Worryingly, half the record still remains. It would be superfluous to describe it in detail. Sin Ropas continue priming the pump. Perhaps only "Buried With the Footmen" relents to any extent, although this soporific nod to the Psychedelic Furs still seems overshadowed by a growing terror, illustrated by wounded falsettos and a squeaky Dobro fadeout. Otherwise, the darkly sublime "Syrup Coat" and "Crumbs" hint at something unspeakable, mixing melancholic post-Kid A Radiohead harmonies with muted harmonium and a slide guitar that wails someplace off in the dark, haunting the murkier regions far beyond the pitiful campfire singing. At specific moments in either of these songs, Hurley's and Iollelo's damaged harmonies, alongside such pinched, confused guitar keening, will arrive out of nowhere and simply crumble your worthless hope-addicted heart.

The final song, "May's Bitter", appears in some ways to be a straight folk-country ballad, but the opening acoustic slide is deceptive, and images of rocks falling in sheer scree slopes begin to suggest themselves; furthermore, Hurley's horrible ache is re-established, and your heart is almost stopped just as your toes try to tap out something recognizable. Like Wilco before them, yet far more harrowingly, Sin Ropas barely escape accompanied by an unruly soundtrack of broadcast snippets (short-wave noises whipping raggedy loops and whorls), before fading like context, like bearings, like last-gasp hope.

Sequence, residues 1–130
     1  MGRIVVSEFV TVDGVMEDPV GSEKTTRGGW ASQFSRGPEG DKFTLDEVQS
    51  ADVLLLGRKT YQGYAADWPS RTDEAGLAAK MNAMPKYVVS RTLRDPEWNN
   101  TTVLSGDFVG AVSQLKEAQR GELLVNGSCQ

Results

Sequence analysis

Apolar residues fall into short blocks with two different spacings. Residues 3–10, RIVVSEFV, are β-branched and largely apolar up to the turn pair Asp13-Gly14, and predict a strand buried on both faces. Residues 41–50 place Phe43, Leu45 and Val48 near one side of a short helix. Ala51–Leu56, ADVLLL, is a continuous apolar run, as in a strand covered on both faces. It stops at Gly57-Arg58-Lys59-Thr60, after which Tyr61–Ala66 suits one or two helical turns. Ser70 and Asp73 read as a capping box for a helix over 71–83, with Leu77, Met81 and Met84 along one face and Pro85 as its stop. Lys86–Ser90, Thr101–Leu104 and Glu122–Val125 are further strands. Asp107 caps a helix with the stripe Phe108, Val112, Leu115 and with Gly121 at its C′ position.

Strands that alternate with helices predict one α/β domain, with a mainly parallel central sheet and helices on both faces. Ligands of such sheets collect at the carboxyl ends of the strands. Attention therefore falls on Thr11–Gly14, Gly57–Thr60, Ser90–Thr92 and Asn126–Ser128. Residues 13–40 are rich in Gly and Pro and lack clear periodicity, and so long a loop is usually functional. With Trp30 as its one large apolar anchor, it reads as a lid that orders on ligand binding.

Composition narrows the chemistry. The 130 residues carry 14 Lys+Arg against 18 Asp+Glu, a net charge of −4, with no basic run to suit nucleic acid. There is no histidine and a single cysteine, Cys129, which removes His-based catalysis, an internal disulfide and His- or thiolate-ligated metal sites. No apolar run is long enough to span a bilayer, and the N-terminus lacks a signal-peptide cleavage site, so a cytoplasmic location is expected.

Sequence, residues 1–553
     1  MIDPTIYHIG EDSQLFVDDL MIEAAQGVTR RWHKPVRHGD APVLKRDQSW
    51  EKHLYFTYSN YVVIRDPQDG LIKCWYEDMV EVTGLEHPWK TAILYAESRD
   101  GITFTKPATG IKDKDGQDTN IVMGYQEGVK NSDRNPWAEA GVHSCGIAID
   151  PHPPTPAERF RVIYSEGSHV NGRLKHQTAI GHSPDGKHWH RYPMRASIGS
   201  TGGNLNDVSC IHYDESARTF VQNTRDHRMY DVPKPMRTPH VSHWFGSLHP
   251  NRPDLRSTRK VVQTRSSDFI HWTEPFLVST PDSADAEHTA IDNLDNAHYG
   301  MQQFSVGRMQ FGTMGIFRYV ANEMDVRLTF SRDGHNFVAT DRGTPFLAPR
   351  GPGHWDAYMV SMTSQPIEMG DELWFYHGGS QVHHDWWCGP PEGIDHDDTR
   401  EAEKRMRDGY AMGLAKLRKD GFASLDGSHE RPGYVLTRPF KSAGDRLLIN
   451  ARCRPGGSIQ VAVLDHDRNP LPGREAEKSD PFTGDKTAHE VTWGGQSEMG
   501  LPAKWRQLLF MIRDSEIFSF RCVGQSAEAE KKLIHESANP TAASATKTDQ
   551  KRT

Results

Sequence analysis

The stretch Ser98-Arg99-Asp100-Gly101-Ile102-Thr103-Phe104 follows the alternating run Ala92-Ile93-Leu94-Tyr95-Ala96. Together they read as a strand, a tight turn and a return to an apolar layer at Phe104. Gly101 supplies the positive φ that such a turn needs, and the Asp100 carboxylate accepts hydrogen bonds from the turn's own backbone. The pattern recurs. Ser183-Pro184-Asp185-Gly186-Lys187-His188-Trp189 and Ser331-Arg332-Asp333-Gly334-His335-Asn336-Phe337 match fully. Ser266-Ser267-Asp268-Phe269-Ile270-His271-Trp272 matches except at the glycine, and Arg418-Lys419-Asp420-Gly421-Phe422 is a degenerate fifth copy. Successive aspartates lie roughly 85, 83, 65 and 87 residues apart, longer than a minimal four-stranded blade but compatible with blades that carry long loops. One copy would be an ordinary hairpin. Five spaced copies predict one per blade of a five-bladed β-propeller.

The blues. Roots. How do you assimilate this old, old music in our metal machine times? How do you replay it for a world that meets not only nuance but even genuine emotion with a shrug? I have no idea, although one thing's certain: there are many more ways in which to deconstruct and reinterpret the infinitely malleable "blues" than, say, Jack White could ever have conceived of alone. Unheralded, innocent of hype, Sin Ropas just managed to find one of them.